What follows is Dave Halloran's September 8, 2005 rebuttal to George Neumayr of the American Spectator concerning New Orleans. We post it here in conjunction with the Mississippi Riverboat cruise of November 2004.
The 1953 Mississippi Riverboat Adventure
To garner what really happened on this most unique of Maxi-Minis would require forty responses. The nature of the trip was so varied that it would have to be captured by the eyes, ears, and most importantly, the hearts, of each of the forty of us '53s, wives, friends, and Dartmouth's own Professor Don Pease, professor of American literature extraordinaire. Except for one thing ----- conviviality, and, as you might expect, Don captured that the first night. Said he, "I have never seen a group that is so convivial, that likes one another so much, is so enthusiastic, never in all of my alumni, student, and research associations excursions. Conviviality reigns here," said he. Demurring, we allowed that twenty bottles of wine for thirty people at the kickoff dinner in New Orleans could, perhaps, but not certainly, influence that "conviviality," and then we accepted the compliment.
The venue was straightforward. Spend the weekend in the Big Easy doing all those things that only that great city offers, particularly Jazz, Cajun music and food, and the twenty-four hour party environ. Then, on Sunday, we all convened at Rene's Bistro, which Dave and Michelle Florence, and Joanne and I, had properly researched during the Jazz Festival last April. Superb, beyond superb. Fran and Ellen L'Esperance, and Ellen's mother Shelagh, Bill and Adair Beutel, Bob and Cathy Callender, who organized the whole affair----thanks to you both so much, John and Lore Dodge, Ed and Betty Johnson, Blos and Harriet Blum, Harlan and Anne Fair, Elton and Dona Clark, Ralph and Ann Heins, Tom and DeDe Ritner, Sherman and Judy Horton, Bill and Nancy Johnson, Elsa Luker and Howard Geer, John and Jane Springer, Marty Degennaro, Fred and Mitzi Carleton, Marilyn Paganucci, Phil Beekman and Carol Sue Emmons, Larry and Linda Twill, friends of the L'Esperances, and your humble scribe comprised the roster. Sadly, the hurricane season's consumption of school makeup days prevented your scribe's inspiration, Joanne, from being there, but we are going back after Christmas, and do it all over again.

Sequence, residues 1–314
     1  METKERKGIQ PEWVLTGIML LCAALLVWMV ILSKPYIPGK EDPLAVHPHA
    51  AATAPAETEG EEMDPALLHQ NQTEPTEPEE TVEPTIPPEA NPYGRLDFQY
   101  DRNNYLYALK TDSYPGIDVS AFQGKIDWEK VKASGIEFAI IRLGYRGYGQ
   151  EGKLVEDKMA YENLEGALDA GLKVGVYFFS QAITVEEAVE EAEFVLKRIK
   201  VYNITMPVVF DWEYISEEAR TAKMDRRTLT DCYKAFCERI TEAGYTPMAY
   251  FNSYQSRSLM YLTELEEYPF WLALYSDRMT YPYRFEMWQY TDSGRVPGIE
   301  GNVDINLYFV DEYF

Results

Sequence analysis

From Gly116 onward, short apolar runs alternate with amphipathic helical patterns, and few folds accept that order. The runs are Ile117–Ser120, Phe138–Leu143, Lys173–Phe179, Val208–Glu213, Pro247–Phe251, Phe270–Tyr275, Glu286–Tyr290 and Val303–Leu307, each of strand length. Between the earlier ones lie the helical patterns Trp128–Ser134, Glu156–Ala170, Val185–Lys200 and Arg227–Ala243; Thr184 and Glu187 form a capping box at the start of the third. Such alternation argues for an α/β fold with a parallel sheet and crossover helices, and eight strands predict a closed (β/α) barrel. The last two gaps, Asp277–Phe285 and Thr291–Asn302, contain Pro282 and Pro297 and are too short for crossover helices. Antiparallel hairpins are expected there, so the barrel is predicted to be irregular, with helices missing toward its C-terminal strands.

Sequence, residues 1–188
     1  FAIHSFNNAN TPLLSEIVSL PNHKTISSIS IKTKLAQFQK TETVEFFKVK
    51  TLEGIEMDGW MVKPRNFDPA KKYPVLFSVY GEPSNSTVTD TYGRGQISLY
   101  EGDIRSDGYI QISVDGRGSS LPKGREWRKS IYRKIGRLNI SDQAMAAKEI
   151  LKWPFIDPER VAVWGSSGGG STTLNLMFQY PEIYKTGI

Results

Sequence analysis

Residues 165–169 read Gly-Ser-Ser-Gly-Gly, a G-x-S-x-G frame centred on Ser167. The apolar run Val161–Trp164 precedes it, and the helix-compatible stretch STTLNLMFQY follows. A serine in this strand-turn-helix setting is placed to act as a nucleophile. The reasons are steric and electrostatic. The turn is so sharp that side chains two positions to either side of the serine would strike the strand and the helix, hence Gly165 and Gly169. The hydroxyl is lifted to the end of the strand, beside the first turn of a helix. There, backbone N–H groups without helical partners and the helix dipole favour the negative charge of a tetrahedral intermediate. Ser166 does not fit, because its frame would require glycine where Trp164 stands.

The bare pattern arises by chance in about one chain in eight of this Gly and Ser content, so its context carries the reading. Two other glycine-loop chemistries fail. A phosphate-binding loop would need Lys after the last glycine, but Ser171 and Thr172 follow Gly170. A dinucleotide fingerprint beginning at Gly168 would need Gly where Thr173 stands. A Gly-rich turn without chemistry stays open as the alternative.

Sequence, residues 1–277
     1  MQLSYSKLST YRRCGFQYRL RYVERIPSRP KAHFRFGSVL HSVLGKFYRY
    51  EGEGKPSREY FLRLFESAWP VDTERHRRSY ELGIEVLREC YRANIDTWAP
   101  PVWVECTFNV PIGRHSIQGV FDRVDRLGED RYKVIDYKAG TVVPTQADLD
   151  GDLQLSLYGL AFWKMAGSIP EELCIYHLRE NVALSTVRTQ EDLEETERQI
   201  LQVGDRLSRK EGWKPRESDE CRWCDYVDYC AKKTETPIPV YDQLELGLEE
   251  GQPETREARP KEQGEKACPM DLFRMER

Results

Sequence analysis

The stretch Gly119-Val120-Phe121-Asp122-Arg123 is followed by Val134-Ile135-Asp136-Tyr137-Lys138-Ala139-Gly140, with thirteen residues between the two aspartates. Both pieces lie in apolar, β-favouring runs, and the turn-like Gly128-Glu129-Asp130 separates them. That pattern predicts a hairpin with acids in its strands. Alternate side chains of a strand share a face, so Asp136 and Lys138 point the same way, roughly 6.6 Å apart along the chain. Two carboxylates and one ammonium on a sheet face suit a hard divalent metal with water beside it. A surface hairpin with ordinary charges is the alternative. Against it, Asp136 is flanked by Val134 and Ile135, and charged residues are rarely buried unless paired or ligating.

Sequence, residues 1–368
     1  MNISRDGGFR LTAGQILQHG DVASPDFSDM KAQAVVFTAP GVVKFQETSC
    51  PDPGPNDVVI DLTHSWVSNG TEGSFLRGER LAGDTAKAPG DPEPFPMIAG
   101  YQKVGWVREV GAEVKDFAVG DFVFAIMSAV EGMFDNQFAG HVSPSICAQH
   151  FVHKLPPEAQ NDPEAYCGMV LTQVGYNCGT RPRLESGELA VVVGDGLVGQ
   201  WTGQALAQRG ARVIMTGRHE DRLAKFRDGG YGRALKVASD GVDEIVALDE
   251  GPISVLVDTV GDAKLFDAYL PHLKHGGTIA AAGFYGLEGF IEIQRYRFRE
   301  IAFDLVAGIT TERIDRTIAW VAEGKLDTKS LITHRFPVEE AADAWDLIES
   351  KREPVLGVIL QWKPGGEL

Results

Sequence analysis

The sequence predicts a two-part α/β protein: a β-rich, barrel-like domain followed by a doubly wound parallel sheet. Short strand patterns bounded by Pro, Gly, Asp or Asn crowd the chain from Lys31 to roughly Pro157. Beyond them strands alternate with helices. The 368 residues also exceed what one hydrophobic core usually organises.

The foyer to the restaurant was the scene of cocktail and appetizers in the traditional Dartmouth style---standup and loud. Rebecca, la maitre d' superb, led us to our table an hour later, and multiple appetizers of the traditional French New Orleans culinary delight were passed all around the table for thirty, family style. Every conceivable variation of shellfish, and relatives, was included. This was followed by one's choice of four entrees prepared especially for us by Rene. And the wine bottles circulated, and circulated, and circulated. And then, the grand finale of the finest of New Orleans desserts on large trays, again passed around family style, that allowed all of us to taste the incredible delicacies of what is probably the finest culinary art city of the South, and perhaps the entire country. Rene was awarded the highest of culinary honors in recent years, and they just keep coming in.